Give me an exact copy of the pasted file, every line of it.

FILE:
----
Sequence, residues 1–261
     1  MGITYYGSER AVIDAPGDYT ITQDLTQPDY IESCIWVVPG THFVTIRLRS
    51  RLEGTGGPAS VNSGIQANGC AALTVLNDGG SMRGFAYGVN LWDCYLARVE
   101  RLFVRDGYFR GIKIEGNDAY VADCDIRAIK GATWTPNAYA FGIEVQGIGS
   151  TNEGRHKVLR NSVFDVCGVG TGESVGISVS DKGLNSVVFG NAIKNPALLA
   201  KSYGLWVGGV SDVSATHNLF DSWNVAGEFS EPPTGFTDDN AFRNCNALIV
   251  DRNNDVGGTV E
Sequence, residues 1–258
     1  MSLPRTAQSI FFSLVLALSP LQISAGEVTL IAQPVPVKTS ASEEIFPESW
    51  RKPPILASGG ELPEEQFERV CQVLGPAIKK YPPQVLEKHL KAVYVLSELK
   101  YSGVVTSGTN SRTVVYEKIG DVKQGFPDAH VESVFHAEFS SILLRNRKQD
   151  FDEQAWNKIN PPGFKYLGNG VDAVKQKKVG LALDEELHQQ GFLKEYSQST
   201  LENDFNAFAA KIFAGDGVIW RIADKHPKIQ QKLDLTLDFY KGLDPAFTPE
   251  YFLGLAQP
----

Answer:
Sequence, residues 1–261
     1  MGITYYGSER AVIDAPGDYT ITQDLTQPDY IESCIWVVPG THFVTIRLRS
    51  RLEGTGGPAS VNSGIQANGC AALTVLNDGG SMRGFAYGVN LWDCYLARVE
   101  RLFVRDGYFR GIKIEGNDAY VADCDIRAIK GATWTPNAYA FGIEVQGIGS
   151  TNEGRHKVLR NSVFDVCGVG TGESVGISVS DKGLNSVVFG NAIKNPALLA
   201  KSYGLWVGGV SDVSATHNLF DSWNVAGEFS EPPTGFTDDN AFRNCNALIV
   251  DRNNDVGGTV E
Sequence, residues 1–258
     1  MSLPRTAQSI FFSLVLALSP LQISAGEVTL IAQPVPVKTS ASEEIFPESW
    51  RKPPILASGG ELPEEQFERV CQVLGPAIKK YPPQVLEKHL KAVYVLSELK
   101  YSGVVTSGTN SRTVVYEKIG DVKQGFPDAH VESVFHAEFS SILLRNRKQD
   151  FDEQAWNKIN PPGFKYLGNG VDAVKQKKVG LALDEELHQQ GFLKEYSQST
   201  LENDFNAFAA KIFAGDGVIW RIADKHPKIQ QKLDLTLDFY KGLDPAFTPE
   251  YFLGLAQP